Deaf Syrian actor credits artist residency program with his Netflix debut.
4 minute read

A few short years ago, all Mustafa Alabssi could see of his future was a career sweeping floors. His family had fled the war in Syria when he was 12 years old and, for the next four and a half years, they lived as refugees in Jordan. Alabssi was not able to attend school, as he was the only Deaf person in the camp. This created endless challenges for him, as he could not read, write or communicate in either Arabic or English. He got a job as a janitor, cleaning a university and envying the education that others his age were receiving. “I was so alone. I got into a depression. I wanted to have friends, but how can you do that?” he says.

When he and his family arrived in Canada in 2017, Alabssi enrolled in the Deaf and Hard of Hearing program at Thom Collegiate in Regina, which gave him access to Deaf mentors and role models and helped him learn American Sign Language (ASL). An Artists in Schools artist residency brought multidisciplinary artists Chrystene Ells and Berny Hi into the classroom to engage students through visual and performance art.

Teacher Joanne Weber says that adding art to the program increased student’s literacy and sense of self. “Art enables a person to pull very deeply from themselves, to understand their feelings and desires. It is a gateway to academics because it becomes something to write about, to read about, to discuss. It provides material from where reading and writing can happen.” In the past five years, she has seen students go from only having 200 “sight words” (words you can read and understand out of context, such as “boy”) to reading at a Grade 5 level. “That’s because of all the art that we’re making.”

Ells and Hi worked with teachers and students to develop a new genre of Deaf theatre, one that is accessible to deaf, hard of hearing and hearing audiences from all cultures, including non-English speakers. The unique mash-up of puppetry, mime, gesture, circus, mask and ASL poetry was realized in two performances, Deaf Crows and Apple Time. “It is thrilling for me, particularly as a director, as I know how unique the work we are creating is,” says Ells. “The hearing community is becoming aware of the Deaf community in their midst, and art is bridging that gap. When the public goes to a performance or an art gallery to experience something firsthand, it’s so much more powerful. Art changes everything.”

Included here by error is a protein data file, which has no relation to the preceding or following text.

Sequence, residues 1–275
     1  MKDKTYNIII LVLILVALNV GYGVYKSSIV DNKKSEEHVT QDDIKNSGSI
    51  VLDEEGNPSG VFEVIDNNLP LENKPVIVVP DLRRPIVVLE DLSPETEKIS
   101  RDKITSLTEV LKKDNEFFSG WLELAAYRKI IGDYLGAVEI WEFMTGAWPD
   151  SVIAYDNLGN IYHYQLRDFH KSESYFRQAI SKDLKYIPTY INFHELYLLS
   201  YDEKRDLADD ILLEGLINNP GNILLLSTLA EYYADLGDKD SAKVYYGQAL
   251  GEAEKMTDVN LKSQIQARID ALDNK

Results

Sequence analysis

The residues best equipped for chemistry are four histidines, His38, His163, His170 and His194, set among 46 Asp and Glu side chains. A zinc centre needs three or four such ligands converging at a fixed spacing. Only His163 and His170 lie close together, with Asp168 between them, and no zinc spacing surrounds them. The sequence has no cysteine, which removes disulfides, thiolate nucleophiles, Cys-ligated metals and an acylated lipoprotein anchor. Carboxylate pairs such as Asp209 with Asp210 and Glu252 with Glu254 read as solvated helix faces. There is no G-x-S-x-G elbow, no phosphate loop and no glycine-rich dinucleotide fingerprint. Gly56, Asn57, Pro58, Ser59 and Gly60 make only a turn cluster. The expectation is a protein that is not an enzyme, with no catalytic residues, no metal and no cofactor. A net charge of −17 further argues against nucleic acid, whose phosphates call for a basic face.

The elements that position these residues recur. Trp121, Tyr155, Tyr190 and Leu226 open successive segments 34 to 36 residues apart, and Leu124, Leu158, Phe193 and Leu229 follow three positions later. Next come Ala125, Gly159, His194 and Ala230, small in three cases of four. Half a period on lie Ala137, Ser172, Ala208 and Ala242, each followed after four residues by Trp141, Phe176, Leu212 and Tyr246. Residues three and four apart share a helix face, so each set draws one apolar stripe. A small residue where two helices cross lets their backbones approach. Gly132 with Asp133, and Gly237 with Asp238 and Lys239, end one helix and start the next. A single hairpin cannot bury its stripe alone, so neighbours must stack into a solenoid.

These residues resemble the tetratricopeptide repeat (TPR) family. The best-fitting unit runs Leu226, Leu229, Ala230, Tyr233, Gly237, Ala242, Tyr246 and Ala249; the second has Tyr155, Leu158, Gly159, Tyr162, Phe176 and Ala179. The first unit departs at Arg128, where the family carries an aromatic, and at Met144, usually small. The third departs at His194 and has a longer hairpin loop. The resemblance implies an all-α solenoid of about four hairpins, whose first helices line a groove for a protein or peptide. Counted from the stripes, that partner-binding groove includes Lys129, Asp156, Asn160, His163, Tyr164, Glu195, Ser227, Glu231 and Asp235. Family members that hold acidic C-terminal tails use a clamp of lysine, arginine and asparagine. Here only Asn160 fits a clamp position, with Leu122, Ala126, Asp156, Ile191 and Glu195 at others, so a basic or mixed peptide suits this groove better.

Alabssi performed in Apple Time, telling his life story through the eyes of a clown. He was so compelling that his reputation spread throughout the international Deaf community, and six weeks after the play, he was approached to audition for a Netflix series, Black Summer. Competition was fierce, with seasoned Deaf actors from across North America being considered for the role, but Alabssi was cast as Ryan, playing opposite film star Jaime King. Although his acting training was limited to what he received from Ells during Apple Time rehearsals, he was a natural and became known on set as the “one-take wonder.”

Alabssi says, “I’m hoping that when directors and producers see me, they will see that it’s possible to take Deaf actors and put them on stage and screen. Hopefully, it will lead to more opportunities for Deaf actors.”

He credits the arts and literacy program, now at Winston Knoll Collegiate, with his success. “Without it, I didn’t think I had a future. Now, with this arts program, I can see that anything I want to be can be mine. People say, ‘Mustafa, you have a great future and are going to win awards – you’re going to win an Oscar!’ And I can say I got it because of this arts program.”

Black Summer debuts on Netflix in early 2019.

Artists in Schools is a Saskatchewan Arts Board program supported by funding from the Saskatchewan Arts Board, SaskCulture Inc. through the Saskatchewan Lotteries Trust Fund for Sport, Culture and Recreation, and the Government of Saskatchewan through the Ministry of Education.

Note: When used in lowercase, “deaf” refers to the audiological condition of having a hearing loss. The uppercase “Deaf” refers to a particular group of people who share a language – American Sign Language (ASL) – and Deaf culture.

Photos:

Top: A still from Mustafa Alabssi's audition tape for Black Summer. Video by Berny Hi.
Middle: Mustafa Alabssi performs as a clown in Apple Time. Photo by Michelle Grodecki.
Bottom: Mustafa Alabssi. Photo by Murray Valiaho.